Anglican primates meeting in Canterbury at the invitation of the Archbishop of Canterbury, Justin Welby, have unanimously agreed to bar a liberal US branch from decision-making for allowing same-sex marriage.
The Anglican Communion has been sharply divided on the issue since the US Episcopal Church ordained an openly gay bishop from across the Anglican Communion began its meeting on Monday as leaders from the 39 provinces gathered for the first time since their meeting in Dublin in 2011 with its new secretary general, Nigeria’s Archbishop Josiah Idowu-Fearon for a crucial meeting to pray and consider the unity of the communion especially with developments at the Episcopal Church.
The primates’ meeting which ends today, is understood as one of the three “instruments of communion”.
Leaders said the church’s stance was a “fundamental departure” from the faith of the majority in what is the world’s third largest Christian denomination.
But Episcopal leaders said the three-year bar, which aims to prevent a formal schism, “will bring real pain”.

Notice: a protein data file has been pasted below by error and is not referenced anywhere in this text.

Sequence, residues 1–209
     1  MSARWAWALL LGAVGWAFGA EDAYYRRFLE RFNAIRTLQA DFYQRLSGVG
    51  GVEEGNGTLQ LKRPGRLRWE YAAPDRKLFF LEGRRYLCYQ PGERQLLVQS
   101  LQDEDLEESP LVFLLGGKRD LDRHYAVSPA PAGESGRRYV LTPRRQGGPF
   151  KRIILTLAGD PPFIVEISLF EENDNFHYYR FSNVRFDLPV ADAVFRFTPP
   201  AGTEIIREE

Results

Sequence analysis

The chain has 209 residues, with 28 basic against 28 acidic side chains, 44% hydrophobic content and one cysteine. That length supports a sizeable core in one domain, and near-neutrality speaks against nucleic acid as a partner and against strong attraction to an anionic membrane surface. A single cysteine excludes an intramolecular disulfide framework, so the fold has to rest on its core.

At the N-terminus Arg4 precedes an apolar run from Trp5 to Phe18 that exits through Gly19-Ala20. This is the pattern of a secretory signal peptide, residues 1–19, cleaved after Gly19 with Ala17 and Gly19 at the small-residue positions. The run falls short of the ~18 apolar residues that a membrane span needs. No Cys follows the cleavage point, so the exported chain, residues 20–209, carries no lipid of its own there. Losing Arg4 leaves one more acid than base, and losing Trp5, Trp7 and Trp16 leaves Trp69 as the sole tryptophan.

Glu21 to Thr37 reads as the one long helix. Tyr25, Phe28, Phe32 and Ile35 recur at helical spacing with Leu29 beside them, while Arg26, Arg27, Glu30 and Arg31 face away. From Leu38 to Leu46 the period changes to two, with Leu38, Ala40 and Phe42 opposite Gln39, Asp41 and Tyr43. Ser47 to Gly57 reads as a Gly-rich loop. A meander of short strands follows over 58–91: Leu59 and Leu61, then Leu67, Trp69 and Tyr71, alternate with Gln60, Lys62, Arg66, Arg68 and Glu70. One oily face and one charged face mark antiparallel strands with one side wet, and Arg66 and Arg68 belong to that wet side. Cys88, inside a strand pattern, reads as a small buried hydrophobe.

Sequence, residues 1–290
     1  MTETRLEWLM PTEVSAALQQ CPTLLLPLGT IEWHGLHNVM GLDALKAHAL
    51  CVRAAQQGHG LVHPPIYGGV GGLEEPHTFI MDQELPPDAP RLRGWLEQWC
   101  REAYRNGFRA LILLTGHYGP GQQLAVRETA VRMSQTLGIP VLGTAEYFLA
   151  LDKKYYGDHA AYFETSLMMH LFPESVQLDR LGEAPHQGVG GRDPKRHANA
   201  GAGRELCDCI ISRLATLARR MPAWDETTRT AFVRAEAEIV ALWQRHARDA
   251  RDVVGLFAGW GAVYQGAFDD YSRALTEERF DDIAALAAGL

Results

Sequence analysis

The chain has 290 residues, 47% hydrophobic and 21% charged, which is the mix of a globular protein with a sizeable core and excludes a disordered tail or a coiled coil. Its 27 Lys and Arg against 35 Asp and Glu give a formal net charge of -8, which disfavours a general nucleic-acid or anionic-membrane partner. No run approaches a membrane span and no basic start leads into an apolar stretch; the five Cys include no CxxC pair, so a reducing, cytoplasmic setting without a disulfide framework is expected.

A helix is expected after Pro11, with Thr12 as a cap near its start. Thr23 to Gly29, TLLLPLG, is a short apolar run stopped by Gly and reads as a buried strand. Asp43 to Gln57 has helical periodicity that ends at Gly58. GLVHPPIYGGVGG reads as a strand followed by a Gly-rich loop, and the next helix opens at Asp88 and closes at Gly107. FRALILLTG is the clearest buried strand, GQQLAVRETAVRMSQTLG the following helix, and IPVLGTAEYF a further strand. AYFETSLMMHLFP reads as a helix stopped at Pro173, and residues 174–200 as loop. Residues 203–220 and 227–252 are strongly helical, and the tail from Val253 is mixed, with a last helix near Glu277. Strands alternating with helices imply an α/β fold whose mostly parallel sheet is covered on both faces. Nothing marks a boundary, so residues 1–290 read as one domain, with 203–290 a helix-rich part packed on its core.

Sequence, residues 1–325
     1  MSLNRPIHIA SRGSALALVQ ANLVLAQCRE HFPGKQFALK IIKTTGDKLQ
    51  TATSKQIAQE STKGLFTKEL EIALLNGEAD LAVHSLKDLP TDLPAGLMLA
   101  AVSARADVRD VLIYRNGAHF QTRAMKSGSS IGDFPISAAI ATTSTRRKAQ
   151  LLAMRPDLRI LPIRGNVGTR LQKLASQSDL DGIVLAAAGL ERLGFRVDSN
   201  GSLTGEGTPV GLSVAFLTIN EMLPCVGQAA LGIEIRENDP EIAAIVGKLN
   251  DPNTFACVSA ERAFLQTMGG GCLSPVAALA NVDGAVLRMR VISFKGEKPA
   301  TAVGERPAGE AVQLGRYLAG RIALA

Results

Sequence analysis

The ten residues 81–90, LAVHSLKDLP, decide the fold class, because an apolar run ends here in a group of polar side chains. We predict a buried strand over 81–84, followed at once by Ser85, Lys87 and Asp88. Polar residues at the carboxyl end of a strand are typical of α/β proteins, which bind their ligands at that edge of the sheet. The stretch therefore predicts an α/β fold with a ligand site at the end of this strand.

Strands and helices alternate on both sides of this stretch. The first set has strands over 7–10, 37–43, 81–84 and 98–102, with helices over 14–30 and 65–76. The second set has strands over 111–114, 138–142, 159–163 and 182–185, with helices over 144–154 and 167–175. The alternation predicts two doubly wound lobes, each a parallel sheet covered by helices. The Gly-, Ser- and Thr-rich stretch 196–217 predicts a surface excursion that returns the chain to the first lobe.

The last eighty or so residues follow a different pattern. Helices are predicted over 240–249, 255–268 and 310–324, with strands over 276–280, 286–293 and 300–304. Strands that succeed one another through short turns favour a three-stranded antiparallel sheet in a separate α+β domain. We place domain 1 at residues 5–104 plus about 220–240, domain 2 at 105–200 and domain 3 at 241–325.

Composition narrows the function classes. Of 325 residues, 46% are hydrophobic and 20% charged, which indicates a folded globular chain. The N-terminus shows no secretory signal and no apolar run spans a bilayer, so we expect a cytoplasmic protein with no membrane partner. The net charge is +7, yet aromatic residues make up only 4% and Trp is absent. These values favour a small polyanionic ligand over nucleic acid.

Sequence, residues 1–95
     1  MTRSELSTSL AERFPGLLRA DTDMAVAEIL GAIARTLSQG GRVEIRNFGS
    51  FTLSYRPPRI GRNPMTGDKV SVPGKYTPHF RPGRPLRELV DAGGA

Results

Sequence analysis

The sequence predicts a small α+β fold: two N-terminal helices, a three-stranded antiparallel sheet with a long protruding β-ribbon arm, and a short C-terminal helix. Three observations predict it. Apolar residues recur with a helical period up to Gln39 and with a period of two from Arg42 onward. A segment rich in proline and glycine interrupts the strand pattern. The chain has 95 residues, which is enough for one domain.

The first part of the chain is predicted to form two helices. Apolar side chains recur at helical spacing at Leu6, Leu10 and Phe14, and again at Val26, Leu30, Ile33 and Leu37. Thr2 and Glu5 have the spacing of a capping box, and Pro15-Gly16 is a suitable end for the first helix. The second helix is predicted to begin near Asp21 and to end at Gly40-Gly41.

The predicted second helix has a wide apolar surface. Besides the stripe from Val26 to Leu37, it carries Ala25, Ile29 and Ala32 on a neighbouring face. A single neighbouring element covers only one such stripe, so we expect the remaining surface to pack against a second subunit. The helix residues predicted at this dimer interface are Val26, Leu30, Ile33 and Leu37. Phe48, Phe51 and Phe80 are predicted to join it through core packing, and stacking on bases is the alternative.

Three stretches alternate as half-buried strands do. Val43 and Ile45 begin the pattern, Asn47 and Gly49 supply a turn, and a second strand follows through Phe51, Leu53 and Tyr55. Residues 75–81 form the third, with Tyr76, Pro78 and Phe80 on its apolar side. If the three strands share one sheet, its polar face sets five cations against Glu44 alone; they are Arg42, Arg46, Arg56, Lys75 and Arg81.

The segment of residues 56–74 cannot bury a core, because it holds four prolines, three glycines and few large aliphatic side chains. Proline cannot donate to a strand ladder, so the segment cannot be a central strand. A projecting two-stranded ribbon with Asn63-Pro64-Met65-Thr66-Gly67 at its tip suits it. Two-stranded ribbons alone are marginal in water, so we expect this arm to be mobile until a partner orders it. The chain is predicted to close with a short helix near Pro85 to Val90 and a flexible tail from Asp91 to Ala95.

The decision—made at a four-day meeting of 39 Anglican primates in Canterbury—means the Church will be suspended from participating in the life and work of the Anglican communion, the BBC reported yesterday.
A statement from the primates at the meeting says that the church should “no longer represent us on ecumenical and interfaith bodies, should not be appointed or elected to an internal standing committee and that while participating in the internal bodies of the Anglican Communion, they will not take part in decision-making on any issues pertaining to doctrine or polity”.
More than 100 senior Anglicans had urged the Church of England to repent for “discriminating” against lesbian and gay Christians in an open letter.
However, the Anglican leaders in Canterbury said the Episcopal Church’s approval of gay marriage was “a fundamental departure from the faith and teaching” of the majority of Anglicans.
The rift over the US Episcopal Church’s stance on same-sex marriage and homosexuality dates back to the ordination of openly gay Canon Gene Robinson as bishop of the Episcopal Church’s New Hampshire diocese in 2003.